New Media Approaches to Presidential Campaigning: Barack Obama's Centralized Control and Ron Paul's Spontaneous Organization in 2008 and 2012
Chen, Hui Jung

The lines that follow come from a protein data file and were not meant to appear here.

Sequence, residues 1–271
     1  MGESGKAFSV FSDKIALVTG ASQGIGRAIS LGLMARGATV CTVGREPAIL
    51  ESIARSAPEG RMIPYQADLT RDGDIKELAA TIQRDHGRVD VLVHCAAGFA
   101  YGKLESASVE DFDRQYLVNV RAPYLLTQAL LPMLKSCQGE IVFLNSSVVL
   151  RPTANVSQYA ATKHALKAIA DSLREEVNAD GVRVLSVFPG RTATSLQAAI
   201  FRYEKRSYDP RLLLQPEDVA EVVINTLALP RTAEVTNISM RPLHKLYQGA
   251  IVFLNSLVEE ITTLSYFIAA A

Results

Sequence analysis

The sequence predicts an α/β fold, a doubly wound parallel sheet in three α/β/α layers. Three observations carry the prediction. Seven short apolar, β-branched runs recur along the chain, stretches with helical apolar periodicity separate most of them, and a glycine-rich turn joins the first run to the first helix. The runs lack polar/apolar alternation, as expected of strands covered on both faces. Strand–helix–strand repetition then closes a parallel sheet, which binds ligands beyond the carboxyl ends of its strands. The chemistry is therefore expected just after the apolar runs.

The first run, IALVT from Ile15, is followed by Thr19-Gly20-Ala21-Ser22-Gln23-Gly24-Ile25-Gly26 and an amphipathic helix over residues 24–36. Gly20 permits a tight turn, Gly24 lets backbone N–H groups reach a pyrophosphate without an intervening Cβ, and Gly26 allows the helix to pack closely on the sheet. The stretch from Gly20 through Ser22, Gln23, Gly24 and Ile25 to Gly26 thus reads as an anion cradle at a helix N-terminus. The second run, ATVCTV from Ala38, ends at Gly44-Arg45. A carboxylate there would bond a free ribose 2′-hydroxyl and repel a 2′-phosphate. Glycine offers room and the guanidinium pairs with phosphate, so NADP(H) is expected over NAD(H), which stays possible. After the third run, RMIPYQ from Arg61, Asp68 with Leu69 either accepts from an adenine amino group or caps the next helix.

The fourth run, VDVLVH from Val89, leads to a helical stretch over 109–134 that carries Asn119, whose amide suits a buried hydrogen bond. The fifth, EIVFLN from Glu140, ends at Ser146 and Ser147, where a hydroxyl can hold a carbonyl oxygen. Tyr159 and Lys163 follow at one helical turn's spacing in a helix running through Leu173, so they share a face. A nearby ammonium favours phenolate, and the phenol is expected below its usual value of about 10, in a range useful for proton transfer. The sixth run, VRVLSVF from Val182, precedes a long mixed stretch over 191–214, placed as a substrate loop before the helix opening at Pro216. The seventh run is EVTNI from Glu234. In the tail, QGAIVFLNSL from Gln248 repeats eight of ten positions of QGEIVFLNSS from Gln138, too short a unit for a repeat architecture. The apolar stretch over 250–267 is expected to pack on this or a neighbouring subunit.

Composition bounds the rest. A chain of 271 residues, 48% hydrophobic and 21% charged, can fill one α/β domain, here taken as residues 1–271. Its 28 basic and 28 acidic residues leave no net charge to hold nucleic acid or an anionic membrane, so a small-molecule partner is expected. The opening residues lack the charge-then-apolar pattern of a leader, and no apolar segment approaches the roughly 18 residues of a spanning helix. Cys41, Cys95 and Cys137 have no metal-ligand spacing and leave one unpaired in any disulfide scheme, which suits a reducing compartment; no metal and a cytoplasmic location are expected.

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Media and politics are a developing ecology of mutual evolution in presidential campaigns. Political media and mediated politics play an ever-increasing role in the dissemination and discussion of social and political information. They impact the way we perceive politics, approach culture and society, and understand and interact with the world. The relationship between media and politics is an evolution that can be traced through time with the use of developing media technologies of traditional media in past presidential campaign strategies to new media strategies in present practices. In the last few decades, two media shifts have marked key moments in the growing influence of media and presidential electoral politics—the use of television in presidential debates in the 1960s and the incorporation of Internet capabilities in the 2000s. This dissertation examines the form and context of media and politics, focusing on Barack Obama and Ron Paul in the 2008 and 2012 presidential elections. The two candidates were covered differently by mainstream media which affected their new media campaign strategies—Obama from a centralized control approach and Paul using spontaneous organization.